where the initial population size is \(N ( 0 ) = N_{0}\), r is called the growth rate; K is called the carrying capacity. It is the maximum value that the population size can reach. \(N ( t )\) is the population size at time t.
The exact solution of the classical logistic differential equation defined by Eq. (4.1) is given by
Without loss of generality, Eq. (4.1) can be converted to FLDE based on the Hadamard fractional derivative as follows:
4.1 Existence and uniqueness of the solution of fractional logistic equation
In this section we prove the existence and uniqueness of the solution of the FLDE. Without loss of generality, the Hadamard fractional derivative and integral symbols are used.
Applying the operator \({}^{H}I^{r}\) to Eq. (4.3), we obtain the following:
For simplicity, the following kernel function is chosen:
Note that the initial value condition implies \(c_{1} = N_{a}\).
Let \(H = C ( [ a,T ],\mathbb{R} )\) denote the Banach space of all continuous functions from \([ a,T ]\) to \(\mathbb{R}\), we identify the operator \(E:H \to H\) endowed with the norm \(\Vert N \Vert = \sup_{a \le t \le T} \vert N ( t ) \vert \), then
4.1.1 Existence of solution
Using the setting above, the existence of the solution is stated and proven by Theorem 4.1 as follows.
Theorem 4.1
Let \(Q: [ a,T ] \times \mathbb{R} \to \mathbb{R}\) be a continuous function such that the following assumptions hold:
 (\(A_{1}\)):

\(\exists N_{Q} > 0\) such that \(\vert Q ( t,N_{1} )  Q ( t,N_{2} ) \vert \le N_{Q} \vert N_{1}  N_{2} \vert \), \(\forall t \in [ a,T ]\), \(\forall N_{1},N_{2} \in \mathbb{{R}}\).
 (\(A_{2}\)):

\(\vert Q ( t,N ) \vert \le y ( t )\), \(\forall ( t,N ) \in [ 0,T ] \times \mathbb{{R}}\), where, \(y \in C ( [ a,T ], \mathbb{{R}}^{ +} )\) with \(\sup_{a \le t \le T} \vert y ( t ) \vert = \Vert y \Vert \).
In addition, it is assumed that \(\frac{N_{Q}}{\varGamma ( q + 1 )} ( \ln \frac{T}{a} ) ^{q  1} < 1\), then there is at least one solution for the initial value problem given by Eq. (4.3).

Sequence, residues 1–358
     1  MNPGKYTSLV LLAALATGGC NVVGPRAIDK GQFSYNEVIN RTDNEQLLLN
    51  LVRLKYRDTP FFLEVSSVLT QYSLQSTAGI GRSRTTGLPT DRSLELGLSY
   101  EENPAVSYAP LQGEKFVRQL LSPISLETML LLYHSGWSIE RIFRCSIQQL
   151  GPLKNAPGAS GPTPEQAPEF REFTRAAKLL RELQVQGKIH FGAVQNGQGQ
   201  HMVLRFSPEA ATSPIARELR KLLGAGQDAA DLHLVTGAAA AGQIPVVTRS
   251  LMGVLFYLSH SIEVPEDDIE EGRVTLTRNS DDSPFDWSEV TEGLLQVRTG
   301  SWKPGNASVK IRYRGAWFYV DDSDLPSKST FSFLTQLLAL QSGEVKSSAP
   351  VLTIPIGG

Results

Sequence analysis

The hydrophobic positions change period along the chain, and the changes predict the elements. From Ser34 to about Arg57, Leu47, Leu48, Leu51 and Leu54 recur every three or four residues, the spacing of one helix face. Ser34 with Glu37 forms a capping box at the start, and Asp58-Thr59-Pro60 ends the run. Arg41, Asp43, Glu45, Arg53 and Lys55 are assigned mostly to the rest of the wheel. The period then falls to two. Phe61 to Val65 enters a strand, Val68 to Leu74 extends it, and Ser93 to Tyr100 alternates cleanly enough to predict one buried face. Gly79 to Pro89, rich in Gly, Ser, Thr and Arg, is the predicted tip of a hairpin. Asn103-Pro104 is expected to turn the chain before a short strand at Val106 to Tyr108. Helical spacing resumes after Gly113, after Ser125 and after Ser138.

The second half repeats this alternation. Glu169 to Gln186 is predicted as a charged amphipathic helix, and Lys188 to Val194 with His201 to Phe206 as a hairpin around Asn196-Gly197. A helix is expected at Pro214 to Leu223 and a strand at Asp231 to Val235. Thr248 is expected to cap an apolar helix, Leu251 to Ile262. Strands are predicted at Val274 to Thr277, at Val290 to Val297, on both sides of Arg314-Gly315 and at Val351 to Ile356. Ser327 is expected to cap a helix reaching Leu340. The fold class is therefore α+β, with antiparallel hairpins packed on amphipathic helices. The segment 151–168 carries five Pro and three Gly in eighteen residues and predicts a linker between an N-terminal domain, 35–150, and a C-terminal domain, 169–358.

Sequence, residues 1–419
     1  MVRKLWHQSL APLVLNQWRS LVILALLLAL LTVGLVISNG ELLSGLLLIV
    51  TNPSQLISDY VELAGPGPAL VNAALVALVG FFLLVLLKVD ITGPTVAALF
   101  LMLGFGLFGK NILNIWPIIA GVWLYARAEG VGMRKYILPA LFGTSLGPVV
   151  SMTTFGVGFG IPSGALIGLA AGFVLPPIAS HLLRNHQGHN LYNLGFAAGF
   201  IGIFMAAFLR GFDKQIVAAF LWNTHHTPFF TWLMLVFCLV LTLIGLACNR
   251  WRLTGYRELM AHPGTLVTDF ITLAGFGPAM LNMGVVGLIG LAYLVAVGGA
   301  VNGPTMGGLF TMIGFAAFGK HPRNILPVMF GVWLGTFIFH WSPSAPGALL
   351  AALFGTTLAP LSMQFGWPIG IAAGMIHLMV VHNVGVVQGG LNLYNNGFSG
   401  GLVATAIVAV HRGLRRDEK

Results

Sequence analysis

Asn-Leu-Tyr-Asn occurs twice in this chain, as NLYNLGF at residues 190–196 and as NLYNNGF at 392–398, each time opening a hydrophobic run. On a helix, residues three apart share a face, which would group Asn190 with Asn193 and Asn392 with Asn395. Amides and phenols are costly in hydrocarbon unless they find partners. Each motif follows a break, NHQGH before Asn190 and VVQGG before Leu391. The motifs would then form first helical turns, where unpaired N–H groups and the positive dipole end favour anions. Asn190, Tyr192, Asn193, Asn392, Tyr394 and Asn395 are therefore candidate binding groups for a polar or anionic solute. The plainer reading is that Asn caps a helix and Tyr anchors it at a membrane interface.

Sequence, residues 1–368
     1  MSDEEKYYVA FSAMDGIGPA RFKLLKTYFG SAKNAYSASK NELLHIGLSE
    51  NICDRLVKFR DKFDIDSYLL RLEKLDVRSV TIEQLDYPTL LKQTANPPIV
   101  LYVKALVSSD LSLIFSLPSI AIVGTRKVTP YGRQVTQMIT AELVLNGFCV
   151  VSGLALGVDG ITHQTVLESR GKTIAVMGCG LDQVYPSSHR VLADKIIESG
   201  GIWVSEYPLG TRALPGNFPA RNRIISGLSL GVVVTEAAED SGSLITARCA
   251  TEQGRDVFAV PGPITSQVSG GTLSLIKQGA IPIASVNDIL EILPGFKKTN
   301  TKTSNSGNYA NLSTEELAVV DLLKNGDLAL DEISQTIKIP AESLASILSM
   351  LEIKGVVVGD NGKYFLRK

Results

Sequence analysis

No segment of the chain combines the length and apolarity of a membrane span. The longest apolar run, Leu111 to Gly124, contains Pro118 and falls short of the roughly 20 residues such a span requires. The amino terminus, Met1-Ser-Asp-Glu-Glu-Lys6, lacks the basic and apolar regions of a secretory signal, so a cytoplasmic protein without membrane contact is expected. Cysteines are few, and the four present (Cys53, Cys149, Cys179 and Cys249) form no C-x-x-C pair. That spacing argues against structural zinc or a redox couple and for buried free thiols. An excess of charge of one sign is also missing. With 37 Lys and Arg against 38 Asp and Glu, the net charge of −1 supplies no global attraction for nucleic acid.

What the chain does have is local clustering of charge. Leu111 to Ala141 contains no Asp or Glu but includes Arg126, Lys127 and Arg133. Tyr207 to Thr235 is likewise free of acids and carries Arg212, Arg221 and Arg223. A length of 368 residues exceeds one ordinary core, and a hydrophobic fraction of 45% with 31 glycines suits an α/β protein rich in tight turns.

Proof of Theorem 4.1
Consider the close set \(B_{\lambda } = \{ N \in H, \Vert N \Vert \le \lambda \}\) with
We define the operators \(E_{1}\) and \(E_{2}\) on \(B_{\lambda } \) as
For \(N_{1},N_{2} \in B_{\lambda }\), then \(\Vert E_{1}N_{1} + E_{2}N _{2} \Vert \le N_{a} ( \ln \frac{T}{a} )^{q  1} + \frac{1}{ \varGamma ( q + 1 )} ( \ln \frac{T}{a} )^{q} \Vert y \Vert \le \lambda \), thus \(E_{1}N_{1} + E_{2}N_{2} \in B_{\lambda }\).
Next, we show that \(E_{2}\) is a contraction, \(\forall t \in [ a,T ]\), \(\forall N_{1},N_{2} \in B_{\lambda }\), we have
then
which implies that \(E_{2}\) is a contraction.
In addition, the operator \(E_{1}\) is continuous as a result of the continuity of N. Moreover, \(E_{1}\) is uniformly bounded as
Now it will be shown that the operator \(E_{1}\) is compact for \(t_{1},t _{2} \in [ a,T ]\) (\(t_{1} < t_{2} \)), then
The righthand side of the above inequality approaches zero as \(t_{1} \to t_{2}\). Note that \(\Vert ( E_{1}N ) ( t_{2} )  ( E_{1}N ) ( t_{1} ) \Vert \) is independent of N implies that \(E_{1}\) is relatively compact, by Arzela–Ascoli theorem we conclude that \(E_{1}\) is compact on \(B_{\lambda } \). Hence, the existence of the solution of the initial value problem given by Eq. (4.3) holds by Krasnoselskii’s fixed point theorem. □
4.1.2 Uniqueness of solution
Theorem 4.2
Let \(Q: [ a,T ] \times \mathbb{R} \to \mathbb{R}\) be a continuous function satisfying \(( A_{1} )\) and assume that \(( \frac{1}{\varGamma ( q + 1 )} ( \ln \frac{T}{a} )^{q} )N_{Q} < 1\), then the initial value problem given by Eq. (4.3) has a unique solution.
Proof Theorem 4.2
Consider the close set \(B_{\lambda } = \{ N \in H, \Vert N \Vert \le \lambda \}\) with
First we show that \(EB_{\lambda } \subset B_{\lambda } \). For any \(N \in B_{\lambda }\), \(\forall t \in [ a,T ]\),
but
then
which implies that \(EN \in B_{\lambda }\), \(\forall N \in B_{\lambda } \), that is, \(EB_{\lambda } \subset B_{\lambda } \). Then it is sufficient to show that the operator E is a contraction.
which implies that
So E is a contraction. By Banach’s contraction mapping theorem, the initial value problem given by Eq. (4.3) has a unique solution on \([ a,T ]\). □
5 Simulation studies
In the literature review it has become evident that no one has so far proposed a valid exact form of solution to FLDE. In Sect. 4 the existence and uniqueness of the solution of FLDE is proven. Since there is no exact solution to the FLDE problem, approximate solutions are found using the GEM, PSE, and CF methods.